‘I’m not coming back inside,’ Jenny called to them. ‘I’ll have time to smarten myself up and go to the Parish Council meeting this evening. Now that you’re going to be home I’ll withdraw my apologies and turn up as usual. Bye my dears, have a lovely evening.’ And while Zina and Peter were still in that first embrace she was already getting into her car.

Driving away she was overcome with a rare moment of self-pity. She wasn’t proud of the tears that stung her eyes. For all her filling every crowded hour, the family were her life; they had to be now that Richard had gone. Yet, had they even noticed her sudden change of plans for the evening? Did it matter to them that she had nothing better to do with the remaining hours of the day than to sit around a table discussing whether or not to recommend to the planning department that they should reject an application for a new house in the garden of number three Bickley Road or where the signs should be fixed warning the villagers of the penalties of allowing their dogs to foul the pavements? However, she blinked away her unshed tears. Then voicing her thoughts aloud she said, ‘Better stop and fill the tank before I put the car to bed,’ as with a look of determination she drove into the forecourt of the filling station. Not even to herself did she admit that she disliked filling the petrol tank now that Wilkins Garage had been modernized. It was something she couldn’t get used to, remembering how it used to be when she and Richard would sit in the car while an attendant put the petrol in the tank then washed the windscreen and back window.

Carefully parking with the petrol cap side of the car next to the pump she got out, making her automatic silent plea, ‘Please make me do it right’ while in her imagination she saw the petrol spurting to run down the side of the car or, worse, onto her shoe. But on this occasion it wasn’t going to spurt anywhere, for she couldn’t get the cap off the petrol tank. She gritted her teeth as if that would give more force but it didn’t shift; she took her handkerchief and wrapped it around the cap to give her a better grip but still it wouldn’t budge. With her head high and looking to neither right nor left she opened the car door to get back in. She probably had best part of a gallon still, so she’d find a pair of pliers once she got home and get it off that way.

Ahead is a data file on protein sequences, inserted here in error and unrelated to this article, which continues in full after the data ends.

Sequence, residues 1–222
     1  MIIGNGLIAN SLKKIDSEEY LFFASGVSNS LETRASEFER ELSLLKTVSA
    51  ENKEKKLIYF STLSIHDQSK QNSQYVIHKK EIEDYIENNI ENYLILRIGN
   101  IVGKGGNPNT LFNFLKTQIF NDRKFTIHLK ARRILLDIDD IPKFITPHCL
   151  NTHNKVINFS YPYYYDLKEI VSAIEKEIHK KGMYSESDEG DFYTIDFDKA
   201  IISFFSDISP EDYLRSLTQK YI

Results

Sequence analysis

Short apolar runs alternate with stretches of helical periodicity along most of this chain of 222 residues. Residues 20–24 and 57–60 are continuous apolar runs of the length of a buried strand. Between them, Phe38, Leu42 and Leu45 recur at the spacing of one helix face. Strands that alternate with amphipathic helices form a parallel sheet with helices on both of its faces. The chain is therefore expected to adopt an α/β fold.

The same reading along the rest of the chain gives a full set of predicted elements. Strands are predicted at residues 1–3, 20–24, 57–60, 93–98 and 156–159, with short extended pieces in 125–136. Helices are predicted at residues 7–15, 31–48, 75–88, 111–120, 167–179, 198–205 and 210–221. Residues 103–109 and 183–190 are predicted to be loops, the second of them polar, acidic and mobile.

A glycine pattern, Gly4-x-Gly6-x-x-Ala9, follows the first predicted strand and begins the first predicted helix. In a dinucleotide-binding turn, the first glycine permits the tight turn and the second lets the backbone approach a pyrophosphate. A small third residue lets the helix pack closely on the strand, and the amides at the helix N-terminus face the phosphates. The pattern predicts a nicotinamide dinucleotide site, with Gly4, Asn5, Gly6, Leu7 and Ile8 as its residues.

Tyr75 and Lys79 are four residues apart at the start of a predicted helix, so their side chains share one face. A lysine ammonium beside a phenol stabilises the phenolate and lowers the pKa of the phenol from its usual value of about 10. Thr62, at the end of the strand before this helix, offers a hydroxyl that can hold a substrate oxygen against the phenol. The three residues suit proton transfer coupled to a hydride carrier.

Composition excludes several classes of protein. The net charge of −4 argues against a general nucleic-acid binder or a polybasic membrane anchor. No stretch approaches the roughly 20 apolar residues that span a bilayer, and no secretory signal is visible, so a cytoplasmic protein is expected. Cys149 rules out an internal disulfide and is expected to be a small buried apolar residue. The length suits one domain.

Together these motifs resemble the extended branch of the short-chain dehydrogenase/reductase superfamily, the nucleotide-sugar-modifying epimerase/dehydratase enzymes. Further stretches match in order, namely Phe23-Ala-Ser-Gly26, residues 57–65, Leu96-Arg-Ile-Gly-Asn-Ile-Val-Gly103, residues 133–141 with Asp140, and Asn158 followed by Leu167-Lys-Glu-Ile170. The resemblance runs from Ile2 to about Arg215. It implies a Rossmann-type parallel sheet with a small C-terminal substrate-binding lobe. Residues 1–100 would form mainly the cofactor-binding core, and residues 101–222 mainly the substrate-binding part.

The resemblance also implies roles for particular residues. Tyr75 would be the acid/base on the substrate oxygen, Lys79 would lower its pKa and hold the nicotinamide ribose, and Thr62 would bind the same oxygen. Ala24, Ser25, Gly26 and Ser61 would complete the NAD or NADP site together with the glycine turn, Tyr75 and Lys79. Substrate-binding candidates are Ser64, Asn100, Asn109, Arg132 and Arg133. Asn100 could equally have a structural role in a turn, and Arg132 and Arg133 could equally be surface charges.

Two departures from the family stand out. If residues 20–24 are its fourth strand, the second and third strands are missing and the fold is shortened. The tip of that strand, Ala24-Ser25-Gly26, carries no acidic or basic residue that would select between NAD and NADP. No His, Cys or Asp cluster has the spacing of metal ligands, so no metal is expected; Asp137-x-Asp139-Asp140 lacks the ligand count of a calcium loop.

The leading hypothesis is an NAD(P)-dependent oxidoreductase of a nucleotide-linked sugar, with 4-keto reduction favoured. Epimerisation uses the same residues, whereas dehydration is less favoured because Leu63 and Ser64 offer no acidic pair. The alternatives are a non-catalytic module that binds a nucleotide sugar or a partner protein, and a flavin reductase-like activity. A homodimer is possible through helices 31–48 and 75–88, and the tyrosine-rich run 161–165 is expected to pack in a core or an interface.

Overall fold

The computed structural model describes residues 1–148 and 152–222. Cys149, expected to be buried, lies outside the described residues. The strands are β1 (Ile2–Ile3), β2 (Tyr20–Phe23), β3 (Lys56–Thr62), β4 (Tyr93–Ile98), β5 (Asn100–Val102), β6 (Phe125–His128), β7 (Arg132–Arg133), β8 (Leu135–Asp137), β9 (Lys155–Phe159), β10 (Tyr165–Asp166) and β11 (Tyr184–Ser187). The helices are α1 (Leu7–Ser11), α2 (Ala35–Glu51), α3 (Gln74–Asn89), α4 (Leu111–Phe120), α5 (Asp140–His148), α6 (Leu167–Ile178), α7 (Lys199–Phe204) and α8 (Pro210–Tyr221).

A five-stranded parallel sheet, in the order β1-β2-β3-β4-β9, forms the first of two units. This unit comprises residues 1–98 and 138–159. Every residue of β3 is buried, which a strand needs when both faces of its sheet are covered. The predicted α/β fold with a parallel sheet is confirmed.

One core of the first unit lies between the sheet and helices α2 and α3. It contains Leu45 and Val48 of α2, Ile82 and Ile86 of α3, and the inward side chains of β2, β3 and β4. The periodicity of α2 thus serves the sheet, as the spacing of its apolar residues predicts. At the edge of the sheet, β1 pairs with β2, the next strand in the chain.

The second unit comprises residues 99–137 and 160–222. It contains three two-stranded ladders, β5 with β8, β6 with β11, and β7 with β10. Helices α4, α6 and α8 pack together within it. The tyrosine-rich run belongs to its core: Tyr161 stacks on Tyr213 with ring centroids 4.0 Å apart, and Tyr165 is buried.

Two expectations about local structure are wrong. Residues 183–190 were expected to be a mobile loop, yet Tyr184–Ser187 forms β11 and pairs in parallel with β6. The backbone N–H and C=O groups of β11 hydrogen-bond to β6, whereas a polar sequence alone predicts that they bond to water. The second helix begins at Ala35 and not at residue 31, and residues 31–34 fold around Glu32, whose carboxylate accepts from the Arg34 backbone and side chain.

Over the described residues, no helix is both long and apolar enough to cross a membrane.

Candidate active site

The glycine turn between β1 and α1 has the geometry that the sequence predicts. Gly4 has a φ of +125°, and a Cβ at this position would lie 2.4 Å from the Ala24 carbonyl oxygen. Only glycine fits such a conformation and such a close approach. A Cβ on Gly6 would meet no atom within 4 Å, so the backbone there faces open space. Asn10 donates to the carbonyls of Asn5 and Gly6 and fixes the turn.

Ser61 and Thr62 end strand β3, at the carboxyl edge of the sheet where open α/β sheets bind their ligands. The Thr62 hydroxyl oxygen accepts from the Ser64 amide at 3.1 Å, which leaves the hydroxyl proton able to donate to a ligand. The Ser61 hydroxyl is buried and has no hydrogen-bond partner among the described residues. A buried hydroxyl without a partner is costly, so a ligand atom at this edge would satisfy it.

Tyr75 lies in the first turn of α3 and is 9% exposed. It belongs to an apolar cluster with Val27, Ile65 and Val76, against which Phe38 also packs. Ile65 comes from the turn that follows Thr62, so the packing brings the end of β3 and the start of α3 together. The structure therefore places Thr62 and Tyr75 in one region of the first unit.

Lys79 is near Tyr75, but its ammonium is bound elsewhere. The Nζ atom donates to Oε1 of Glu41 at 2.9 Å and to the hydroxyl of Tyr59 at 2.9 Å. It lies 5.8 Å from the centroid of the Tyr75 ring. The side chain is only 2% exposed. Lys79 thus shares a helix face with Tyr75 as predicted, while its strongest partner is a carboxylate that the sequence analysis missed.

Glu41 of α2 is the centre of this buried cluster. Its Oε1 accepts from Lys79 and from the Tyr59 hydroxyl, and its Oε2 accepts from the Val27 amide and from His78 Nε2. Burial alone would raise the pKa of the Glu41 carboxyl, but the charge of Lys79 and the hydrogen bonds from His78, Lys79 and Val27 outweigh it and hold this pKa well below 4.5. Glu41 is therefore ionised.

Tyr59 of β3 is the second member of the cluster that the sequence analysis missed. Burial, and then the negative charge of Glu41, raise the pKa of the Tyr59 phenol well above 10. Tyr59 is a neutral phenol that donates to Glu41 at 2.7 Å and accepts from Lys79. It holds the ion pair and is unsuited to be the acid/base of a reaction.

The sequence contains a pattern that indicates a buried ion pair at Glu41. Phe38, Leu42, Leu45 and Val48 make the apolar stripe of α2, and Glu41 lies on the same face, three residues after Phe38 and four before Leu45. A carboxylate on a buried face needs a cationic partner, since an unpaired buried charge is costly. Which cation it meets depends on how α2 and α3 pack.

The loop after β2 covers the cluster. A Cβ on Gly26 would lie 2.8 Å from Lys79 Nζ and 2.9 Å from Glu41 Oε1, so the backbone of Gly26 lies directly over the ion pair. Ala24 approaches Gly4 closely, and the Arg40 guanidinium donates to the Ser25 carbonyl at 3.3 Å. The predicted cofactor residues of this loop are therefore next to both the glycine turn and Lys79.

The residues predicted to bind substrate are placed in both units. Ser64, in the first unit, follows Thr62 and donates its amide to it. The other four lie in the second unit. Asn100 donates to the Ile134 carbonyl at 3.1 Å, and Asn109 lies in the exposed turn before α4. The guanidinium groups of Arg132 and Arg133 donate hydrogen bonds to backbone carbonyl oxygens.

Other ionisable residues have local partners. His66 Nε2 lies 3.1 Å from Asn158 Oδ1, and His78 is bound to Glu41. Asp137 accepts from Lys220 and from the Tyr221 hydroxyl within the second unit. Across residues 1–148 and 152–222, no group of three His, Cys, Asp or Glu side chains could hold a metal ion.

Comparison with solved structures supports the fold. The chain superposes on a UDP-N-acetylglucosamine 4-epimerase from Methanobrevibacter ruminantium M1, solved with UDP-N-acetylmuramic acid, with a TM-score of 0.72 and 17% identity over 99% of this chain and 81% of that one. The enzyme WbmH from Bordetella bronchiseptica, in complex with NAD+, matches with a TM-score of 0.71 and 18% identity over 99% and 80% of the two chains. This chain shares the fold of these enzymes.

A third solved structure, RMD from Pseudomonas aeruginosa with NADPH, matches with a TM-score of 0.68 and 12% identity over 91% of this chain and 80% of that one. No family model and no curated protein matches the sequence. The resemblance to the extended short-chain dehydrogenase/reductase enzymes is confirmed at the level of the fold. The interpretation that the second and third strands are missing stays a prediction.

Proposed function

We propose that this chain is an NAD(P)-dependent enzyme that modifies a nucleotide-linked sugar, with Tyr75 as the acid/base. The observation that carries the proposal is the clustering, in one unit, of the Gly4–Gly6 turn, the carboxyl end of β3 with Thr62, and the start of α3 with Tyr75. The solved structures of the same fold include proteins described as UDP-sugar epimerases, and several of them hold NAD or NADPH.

‘Don’t give up,’ a voice said so close behind her that it made her jump and added to her embarrassment.

‘No, it’s quite all right. I don’t need to get any. I haven’t time to stop now.’

‘Humour me, let me try it for you.’ The stranger’s smile was disarming, and had he been what she would consider elderly, perhaps even fat or balding, she might have been able to accept his offer with some semblance of grace. But she saw him as neither elderly nor unattractive, a man perhaps her own age with an air of confidence that added to her own confusion.

‘I think it’s on a crossed thread. Don’t worry about it. When I get home I’ll do it with pliers.’ She just wanted to get away.

Just as she had, he took a handkerchief from his pocket so that he didn’t touch the cap, but she could see that in his case he did it to protect his hands. Some of her own embarrassment vanished with her respect for him. He looked so manly, yet his hands clearly never did a day’s work. Perhaps they didn’t, but they had the necessary strength and soon he was filling her tank for her.

‘Really you mustn’t bother, I can fill up quite easily.’ But ‘Sir Galahad’ was apparently deaf, for his only reply was a smile as if they shared a secret. She wasn’t used to feeling so uncomfortable. The job done he gave her another smile and a slight and rather foreign-looking nod of his head, making her half expect him to click his heels together, then turned back to his own car.

Back at Newton House it had been much as she’d imagined, her departure hardly registering in the excitement of Peter’s homecoming.

‘When did you find out you could get away?’ Zina asked him as they sat around the supper table. Early supper was the normal meal for the Marchands because when Peter was home he liked them to sit together as a family and when he was away Zina preferred to get the meal over and have a free evening for her music. So supper as they called it was no late evening snack, it was a cooked meal but early enough for Fiona and Tommy to eat with them. They were eating the pork casserole she had made for her mother to reheat, whilst she and Peter were meant to be celebrating at the French Horn.